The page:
One of the last conversations I had before I left Connecticut five years ago was with a church member who had heard—and believed—that Barack Obama was a Muslim. “No,” I said, “He is a baptized Christian,” baptized, of course, in a United Church of Christ congregation. And yet a poll by the Pew Forum on Religion and Public Life last summer showed that “Three-and-a-half years into the presidency of Barack Obama, 17 percent of registered voters still believe that he is a Muslim…. The poll showed a striking increase in Republicans and conservative Republicans who say that the president is Muslim, with 30 percent of Republicans and 34 percent of conservative Republicans sa[ying] so.”
Pants on fire, indeed. Or as James reminds us: “How great a forest is set ablaze by a small fire! And the tongue is a fire.” When we use speech to deceive, we light a fire that spreads quickly and broadly.
We know the destructive power of words.
James, of course, is no moralist. He’s concerned about what we say, but that concern exists in a context of grace. After all, James is quite clear: “All of us make many mistakes.” Yes, he was including you in that statement.
The perfectionist will try—and try quite hard—to avoid this reality. Some will check their behavior almost obsessively. Others will try to be sure that nothing they do could be faulted by anyone. Good luck.
And if your tongue is getting you in trouble, you might try the advice of Abraham Lincoln, who said: “I would rather remain silent and be thought a fool than speak out and remove all doubt.”
Yes, when we “stick out our tongue”—when we speak, we reveal much about the state of our hearts, our souls. And the reality is that we all make mistakes in many ways.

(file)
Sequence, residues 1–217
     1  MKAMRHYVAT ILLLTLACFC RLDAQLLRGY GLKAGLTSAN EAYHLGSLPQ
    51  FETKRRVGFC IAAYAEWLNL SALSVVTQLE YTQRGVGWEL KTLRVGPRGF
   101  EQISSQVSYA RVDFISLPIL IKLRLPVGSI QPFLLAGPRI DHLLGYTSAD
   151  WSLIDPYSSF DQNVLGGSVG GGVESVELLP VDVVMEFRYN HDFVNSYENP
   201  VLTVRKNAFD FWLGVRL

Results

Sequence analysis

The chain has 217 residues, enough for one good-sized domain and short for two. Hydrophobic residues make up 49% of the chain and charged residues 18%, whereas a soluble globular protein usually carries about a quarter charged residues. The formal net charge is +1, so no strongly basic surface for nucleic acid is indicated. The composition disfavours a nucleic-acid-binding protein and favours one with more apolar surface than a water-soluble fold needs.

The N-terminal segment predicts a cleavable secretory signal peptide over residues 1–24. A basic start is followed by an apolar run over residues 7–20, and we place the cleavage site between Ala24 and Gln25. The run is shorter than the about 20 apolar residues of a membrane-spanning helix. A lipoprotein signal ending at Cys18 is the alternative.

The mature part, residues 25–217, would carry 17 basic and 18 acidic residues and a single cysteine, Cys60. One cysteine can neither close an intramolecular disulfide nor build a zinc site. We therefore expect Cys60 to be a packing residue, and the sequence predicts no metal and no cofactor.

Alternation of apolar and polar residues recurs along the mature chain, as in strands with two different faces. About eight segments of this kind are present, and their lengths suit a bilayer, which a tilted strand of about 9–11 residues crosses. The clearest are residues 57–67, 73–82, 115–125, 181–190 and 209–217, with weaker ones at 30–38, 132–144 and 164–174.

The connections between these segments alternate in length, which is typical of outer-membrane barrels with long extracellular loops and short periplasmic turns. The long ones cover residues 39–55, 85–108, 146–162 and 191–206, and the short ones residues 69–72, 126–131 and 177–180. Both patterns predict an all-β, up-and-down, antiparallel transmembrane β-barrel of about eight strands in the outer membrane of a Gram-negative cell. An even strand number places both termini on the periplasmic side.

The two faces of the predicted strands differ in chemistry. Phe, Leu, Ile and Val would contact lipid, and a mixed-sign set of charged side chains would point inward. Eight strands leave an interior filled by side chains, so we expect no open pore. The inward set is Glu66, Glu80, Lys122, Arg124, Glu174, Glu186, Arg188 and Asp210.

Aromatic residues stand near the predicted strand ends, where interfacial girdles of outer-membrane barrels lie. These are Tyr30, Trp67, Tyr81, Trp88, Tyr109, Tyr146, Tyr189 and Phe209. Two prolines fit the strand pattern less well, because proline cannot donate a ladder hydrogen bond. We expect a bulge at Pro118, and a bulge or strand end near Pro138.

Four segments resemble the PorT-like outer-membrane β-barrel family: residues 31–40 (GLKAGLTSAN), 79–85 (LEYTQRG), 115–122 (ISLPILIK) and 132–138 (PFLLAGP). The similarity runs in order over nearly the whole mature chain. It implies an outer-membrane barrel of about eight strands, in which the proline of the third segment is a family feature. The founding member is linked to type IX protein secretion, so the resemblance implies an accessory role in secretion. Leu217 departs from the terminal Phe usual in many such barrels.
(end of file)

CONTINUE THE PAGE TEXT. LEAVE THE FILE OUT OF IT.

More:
A living faith calls our speaking and our words into account.
Which is where Smokey the Bear comes in. “How great a forest is set ablaze by a small fire!”
Only you can prevent forest fires.
Only we can make sure that what comes forth from our mouths will give life, not death, blessing, not curse.
And only we can insist on honesty on the part of those who seek to serve the public good by leading in government. Each one of us individually and all of us together are crucial to this effort. So Aleksander Kwasniewski reminds us that “Political honesty—and honest politicians—are more likely to take root in a society marked by a culture of tolerance, solidarity, and the equal enjoyment of individual rights.
What I hear in that description—a culture of tolerance, solidarity, and the equal enjoyment of individual rights—is a part of the picture of what we seek to develop in this congregation. Such a community leads to deeper honesty. And if we can forge such a community here, we can be what we are called to be: a light to the world, leaven to the loaf. That is, we as a congregation can encourage greater tolerance, solidarity, and equal rights in our city, state, and nation. From this community we can act in ways that encourage a greater political honesty in the wider world.
It’s good news: only we can prevent forest fires. Only we can bring about the political honesty that is needed for a liberal democracy to flourish.
The problem of the tongue is a heart problem. Can we, who worship God with our hearts and voices, find ways to affirm, encourage and build up one another with our words as well?
It’s not a matter of being polite or politic—you know, calling me “folically challenged” instead of bald. But we need to listen to our speech and the things that mar it day by day: innuendo, spite, put downs, self-obsession. We need to find speech that empowers and gives life—and build a community that encourages such speech in others.
A favorite picture of mine shows a forest in the western United States some time after it was devastated by a wildfire. The charred remains of tree stumps stand starkly against the open sky. The ground is still, for the most part, black. It is a picture of destruction.
But here and there you can see patches of green: blades of grass, seedlings that are showing pine needles. After devastation, new life is coming back as nature renews itself.
This is a picture of hope, especially when we hear those words from the letter of James: “How great a forest is set ablaze by a small fire! And the tongue is a fire.” This is a picture of hope at the height of an election season that, like all election seasons, has had its share of, well, malarkey. This is a picture of hope in all the seasons of our life, in which honesty will help us build the kind of communities that bring more life, bring blessing to all.
Our words are very precious and very powerful. The more we use them to good ends, the more each one of us—and all of us—will flourish.